My grandfather was a Hebrew teacher in Rehovot at the beginning of the last century.” Ariel Sharon, corpulent, white-haired, looked up over his reading glasses at the half-full Knesset, the Israeli parliament. Members were listening politely or quietly reading. “I have a deep love for the Hebrew language,” he read on in his incongruously high-pitched voice. “For the miracle of its revival, for the historical wellsprings from which it draws its words and phrases.”
There was no tension in the chamber that afternoon in January 2005. No catcalls, no heckling. A parliamentary moment without politics. Sharon could have asked one of his two deputy prime ministers to represent the government at the largely ceremonial debate marking Hebrew Language Day. But he wanted to speak himself. He had a point to make.
Mordechai Scheinerman, Sharon’s grandfather, came to Palestine in 1910 and settled with his wife and children in the still-tiny Jewish village of Rehovot, southeast of the barely existent Jewish town of Tel Aviv. That made him sort of aristocracy. Not quite a Mayflower man of the First Aliya (1882–1902), but still an early Zionist pioneer of pre–World War I days. Palestine was a derelict corner of the crumbling Ottoman Empire then. The dream of the Zionist visionary Theodor Herzl (d. 1904), that it would one day become a Jewish state, seemed just that: a dream.
In his native town, Brest Litovsk in White Russia, Mordechai was an early convert to Zionism. He became a Hebrew teacher. That was a career choice reflecting real commitment. Hebrew, the ancient language of the Bible and the rabbis, was struggling to reincarnate itself as a modern vernacular. The Zionists promoted it as the language of the new-old Jewish nationalism. But the Zionists themselves were a struggling minority within the Jewish people. Millions of Jews, fleeing czarist oppression, set sail for the New World rather than for sandy, sweaty Palestine.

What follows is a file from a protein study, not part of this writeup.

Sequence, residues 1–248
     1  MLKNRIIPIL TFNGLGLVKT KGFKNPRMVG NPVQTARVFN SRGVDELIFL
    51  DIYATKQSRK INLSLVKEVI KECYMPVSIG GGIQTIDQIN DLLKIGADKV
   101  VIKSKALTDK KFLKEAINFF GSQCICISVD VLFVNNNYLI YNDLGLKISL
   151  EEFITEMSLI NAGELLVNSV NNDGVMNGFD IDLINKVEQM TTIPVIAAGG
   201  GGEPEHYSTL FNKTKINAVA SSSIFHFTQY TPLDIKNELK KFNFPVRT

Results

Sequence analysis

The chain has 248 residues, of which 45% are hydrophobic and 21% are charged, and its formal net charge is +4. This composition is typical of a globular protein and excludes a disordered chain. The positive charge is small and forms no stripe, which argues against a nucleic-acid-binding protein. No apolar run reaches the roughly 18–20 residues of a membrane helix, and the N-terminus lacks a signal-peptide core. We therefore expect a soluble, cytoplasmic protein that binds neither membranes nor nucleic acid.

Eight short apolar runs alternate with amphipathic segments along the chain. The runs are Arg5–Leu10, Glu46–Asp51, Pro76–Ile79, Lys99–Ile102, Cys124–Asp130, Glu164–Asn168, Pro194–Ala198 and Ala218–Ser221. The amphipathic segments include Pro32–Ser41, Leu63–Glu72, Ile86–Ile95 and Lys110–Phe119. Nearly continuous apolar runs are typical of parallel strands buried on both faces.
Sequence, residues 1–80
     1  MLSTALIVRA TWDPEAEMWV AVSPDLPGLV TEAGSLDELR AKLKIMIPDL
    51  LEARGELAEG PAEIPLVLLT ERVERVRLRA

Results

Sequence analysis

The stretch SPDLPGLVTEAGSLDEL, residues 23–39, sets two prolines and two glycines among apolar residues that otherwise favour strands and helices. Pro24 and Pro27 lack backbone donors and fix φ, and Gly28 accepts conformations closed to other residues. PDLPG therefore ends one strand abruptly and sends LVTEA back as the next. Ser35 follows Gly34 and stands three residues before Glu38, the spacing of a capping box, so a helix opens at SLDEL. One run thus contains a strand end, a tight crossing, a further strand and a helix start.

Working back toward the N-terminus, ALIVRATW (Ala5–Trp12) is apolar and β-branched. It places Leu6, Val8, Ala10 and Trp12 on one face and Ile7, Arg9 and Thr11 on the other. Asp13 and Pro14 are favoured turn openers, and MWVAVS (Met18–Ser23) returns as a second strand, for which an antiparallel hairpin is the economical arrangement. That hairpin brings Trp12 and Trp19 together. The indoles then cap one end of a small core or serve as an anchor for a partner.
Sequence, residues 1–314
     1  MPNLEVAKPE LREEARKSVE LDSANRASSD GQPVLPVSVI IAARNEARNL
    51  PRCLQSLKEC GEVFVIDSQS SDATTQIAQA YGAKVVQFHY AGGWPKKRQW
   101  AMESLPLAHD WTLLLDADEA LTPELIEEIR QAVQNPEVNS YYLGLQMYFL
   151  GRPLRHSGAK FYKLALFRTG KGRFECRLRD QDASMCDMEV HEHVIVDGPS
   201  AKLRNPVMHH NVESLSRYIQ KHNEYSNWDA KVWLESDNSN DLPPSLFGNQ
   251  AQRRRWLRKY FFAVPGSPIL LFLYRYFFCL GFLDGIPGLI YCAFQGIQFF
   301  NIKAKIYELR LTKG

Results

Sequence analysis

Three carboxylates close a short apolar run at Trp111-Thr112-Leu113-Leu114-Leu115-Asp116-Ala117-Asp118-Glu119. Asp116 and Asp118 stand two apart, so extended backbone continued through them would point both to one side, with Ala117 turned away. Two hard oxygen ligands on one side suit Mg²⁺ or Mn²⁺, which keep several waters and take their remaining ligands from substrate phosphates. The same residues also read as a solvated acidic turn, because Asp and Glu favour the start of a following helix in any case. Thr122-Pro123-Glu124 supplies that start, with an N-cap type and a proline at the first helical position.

Mordechai Scheinerman endured the heat and mosquitoes of Rehovot for two years, then packed up, as did so many of the early pioneers, and headed back to Brest Litovsk. When war broke out, the family fled east, ending up in Tbilisi, Georgia. His faith in Zionism never wavered, though, and he instilled it in his son Samuil. Samuil Scheinerman taught Hebrew too, but, chastened by his father’s experience, he studied agronomy at the local university as a practical prepa- ration for his own eventual aliya.* (* Literally, “ascent”; the Hebrew term for immigration to Eretz Yisrael, the Land of Israel.)
This came more quickly than planned. Walking toward the Tbilisi Zionist club, where he held his Hebrew classes, one night in 1921, he found the area swarming with security police of the newly formed communist government. He veered away, hastened to the home of his girlfriend, Vera Schneeroff, and offered her two peremptory proposals: marriage and aliya. She was a fourth-year medical student, the daughter of a well-to-do Jewish family, also from Belarus, and, by her own admission, not much of a Zionist. But she accepted Samuil’s plan. They were married forthwith and fled to the Black Sea port of Baku, from where, some months later, they embarked for Palestine.
Samuil had completed his studies in Tbilisi; Vera nursed the hope that she would graduate someday too, perhaps at the University of Beirut since there were no universities or medical schools in Palestine. On a bleak February day in 1922 they arrived in Jaffa. Vera, to her consternation, was lifted bodily from boat to shore by a gigantic Arab stevedore. The experience confirmed her general impression of Pales- tine as a backward and uncouth place.